Piano

We explain everything about the piano, its characteristics and what types exist. In addition, we tell you how it originated and how it became popular.

The musician Giovanni Allevi plays the piano in a concert.
The piano produces sound from taut strings that are struck by a hammer.

What is the piano?

The piano It is a percussion string musical instrument, that is, it produces sound from tense strings that are struck by a hammer or lever operated by the performer. In other classifications it is known as simple chordophone. Likewise, musicians who play the piano are known as pianists.

It is a classic instrument, present in most orchestras and musical stages, both for chamber music, accompaniment and as a soloist. Its name comes from Italian musical jargon, where it means “flat”, that is, soft, as opposed to “forte“, this is strong.

This distinction is due to the fact that the first piano in history was designed as a kind of harpsichord, which could produce both strong and weak notes, depending on the intensity with which the keys were pressed, which was quite a novelty. This invention was called in Italian harpsichord with piano and forte (“harpsichord with soft and strong”), a name that was abbreviated to pianoforte and then just piano.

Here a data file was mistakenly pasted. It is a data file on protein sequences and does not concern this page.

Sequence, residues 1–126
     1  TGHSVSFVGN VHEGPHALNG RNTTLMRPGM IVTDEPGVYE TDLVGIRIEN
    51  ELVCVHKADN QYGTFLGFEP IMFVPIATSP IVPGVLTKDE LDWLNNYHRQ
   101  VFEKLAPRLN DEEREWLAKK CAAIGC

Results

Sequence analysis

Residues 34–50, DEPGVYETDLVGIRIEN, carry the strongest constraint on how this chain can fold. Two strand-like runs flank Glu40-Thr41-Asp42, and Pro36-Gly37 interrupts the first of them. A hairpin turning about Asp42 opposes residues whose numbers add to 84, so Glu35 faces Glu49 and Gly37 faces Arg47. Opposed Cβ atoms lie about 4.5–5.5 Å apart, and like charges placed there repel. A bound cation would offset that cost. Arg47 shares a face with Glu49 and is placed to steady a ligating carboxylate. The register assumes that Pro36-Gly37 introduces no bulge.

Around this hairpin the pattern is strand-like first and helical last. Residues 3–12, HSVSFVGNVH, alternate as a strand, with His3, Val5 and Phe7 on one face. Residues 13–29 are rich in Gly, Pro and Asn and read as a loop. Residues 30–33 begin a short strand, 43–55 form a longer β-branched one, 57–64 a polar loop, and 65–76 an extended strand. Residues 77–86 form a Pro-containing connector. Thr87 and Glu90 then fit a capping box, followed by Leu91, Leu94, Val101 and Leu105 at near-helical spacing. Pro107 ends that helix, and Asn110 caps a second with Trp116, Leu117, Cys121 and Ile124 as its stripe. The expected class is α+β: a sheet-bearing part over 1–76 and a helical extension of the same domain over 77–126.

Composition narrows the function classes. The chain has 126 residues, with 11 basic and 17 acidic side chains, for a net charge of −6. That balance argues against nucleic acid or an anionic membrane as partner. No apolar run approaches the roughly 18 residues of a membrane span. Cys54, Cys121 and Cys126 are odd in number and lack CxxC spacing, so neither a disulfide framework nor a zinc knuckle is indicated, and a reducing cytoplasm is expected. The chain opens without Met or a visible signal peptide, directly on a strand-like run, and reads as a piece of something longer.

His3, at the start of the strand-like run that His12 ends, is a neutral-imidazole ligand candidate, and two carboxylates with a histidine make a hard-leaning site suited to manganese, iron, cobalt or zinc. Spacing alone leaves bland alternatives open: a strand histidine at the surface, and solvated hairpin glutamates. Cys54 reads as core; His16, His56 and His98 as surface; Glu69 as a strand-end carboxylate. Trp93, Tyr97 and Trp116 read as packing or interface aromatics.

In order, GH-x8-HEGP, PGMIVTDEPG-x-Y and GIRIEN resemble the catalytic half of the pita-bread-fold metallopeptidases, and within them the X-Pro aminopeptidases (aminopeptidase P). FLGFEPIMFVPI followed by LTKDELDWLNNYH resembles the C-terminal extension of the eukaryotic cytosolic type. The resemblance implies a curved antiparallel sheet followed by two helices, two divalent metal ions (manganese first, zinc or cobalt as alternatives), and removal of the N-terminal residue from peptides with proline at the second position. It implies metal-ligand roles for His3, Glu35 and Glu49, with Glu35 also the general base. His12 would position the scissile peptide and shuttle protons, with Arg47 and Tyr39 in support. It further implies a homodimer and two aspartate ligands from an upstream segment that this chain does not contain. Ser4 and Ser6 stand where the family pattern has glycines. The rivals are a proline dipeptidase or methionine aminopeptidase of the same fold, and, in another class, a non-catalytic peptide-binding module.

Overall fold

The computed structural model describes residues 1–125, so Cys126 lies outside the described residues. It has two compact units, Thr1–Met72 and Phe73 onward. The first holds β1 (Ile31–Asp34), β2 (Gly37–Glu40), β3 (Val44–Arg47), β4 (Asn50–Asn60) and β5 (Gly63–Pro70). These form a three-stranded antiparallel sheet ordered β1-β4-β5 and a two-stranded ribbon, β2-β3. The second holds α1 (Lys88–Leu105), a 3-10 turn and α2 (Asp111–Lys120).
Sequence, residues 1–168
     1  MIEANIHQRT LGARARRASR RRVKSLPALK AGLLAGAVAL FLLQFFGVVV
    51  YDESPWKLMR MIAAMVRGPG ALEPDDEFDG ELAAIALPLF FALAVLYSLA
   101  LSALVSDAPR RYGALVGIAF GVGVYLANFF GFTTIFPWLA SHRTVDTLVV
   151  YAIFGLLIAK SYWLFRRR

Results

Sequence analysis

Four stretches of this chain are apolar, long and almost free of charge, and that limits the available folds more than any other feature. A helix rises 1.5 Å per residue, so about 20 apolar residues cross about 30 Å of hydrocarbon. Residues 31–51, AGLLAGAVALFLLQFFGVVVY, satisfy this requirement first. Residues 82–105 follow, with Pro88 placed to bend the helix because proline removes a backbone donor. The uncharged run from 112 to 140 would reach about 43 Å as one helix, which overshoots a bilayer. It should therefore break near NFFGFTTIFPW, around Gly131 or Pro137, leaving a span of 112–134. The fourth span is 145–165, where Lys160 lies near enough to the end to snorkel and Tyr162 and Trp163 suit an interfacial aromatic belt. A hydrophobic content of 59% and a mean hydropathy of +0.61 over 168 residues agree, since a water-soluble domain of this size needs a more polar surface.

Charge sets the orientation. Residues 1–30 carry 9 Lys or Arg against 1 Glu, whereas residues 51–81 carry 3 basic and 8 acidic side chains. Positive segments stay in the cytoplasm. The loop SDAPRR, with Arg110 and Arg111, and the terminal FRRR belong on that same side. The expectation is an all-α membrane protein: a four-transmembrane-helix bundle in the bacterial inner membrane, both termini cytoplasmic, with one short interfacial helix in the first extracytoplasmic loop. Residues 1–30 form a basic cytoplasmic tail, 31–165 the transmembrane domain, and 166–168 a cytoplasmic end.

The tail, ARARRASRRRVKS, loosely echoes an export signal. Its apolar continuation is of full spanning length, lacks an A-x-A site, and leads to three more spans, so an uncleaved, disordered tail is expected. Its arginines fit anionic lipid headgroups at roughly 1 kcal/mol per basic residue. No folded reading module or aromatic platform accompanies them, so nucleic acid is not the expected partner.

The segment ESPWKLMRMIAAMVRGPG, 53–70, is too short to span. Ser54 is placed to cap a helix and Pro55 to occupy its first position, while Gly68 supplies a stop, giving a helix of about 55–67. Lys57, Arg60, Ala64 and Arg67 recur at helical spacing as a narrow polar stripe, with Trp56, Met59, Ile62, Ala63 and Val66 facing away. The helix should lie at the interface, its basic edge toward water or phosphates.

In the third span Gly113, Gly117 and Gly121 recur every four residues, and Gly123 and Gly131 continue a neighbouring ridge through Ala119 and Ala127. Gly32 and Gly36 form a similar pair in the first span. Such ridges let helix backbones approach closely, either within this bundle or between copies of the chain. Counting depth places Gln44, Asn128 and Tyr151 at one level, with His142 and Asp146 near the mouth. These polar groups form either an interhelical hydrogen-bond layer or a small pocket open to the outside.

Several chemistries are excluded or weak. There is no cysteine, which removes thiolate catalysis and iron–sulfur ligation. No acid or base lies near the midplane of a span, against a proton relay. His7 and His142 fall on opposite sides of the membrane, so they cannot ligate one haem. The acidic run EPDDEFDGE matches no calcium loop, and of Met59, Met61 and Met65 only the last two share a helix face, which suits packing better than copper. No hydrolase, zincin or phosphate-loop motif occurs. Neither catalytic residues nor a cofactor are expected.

The pianos are made up of a sound box in which a series of hammers impact several taut steel strings, according to the keys that the performer presses on the keyboard. The sound of the strings is amplified by a soundboard at the top, and transmitted to it through a system of bridges. It is, therefore, a string and percussion instrument at the same time.

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See also: Music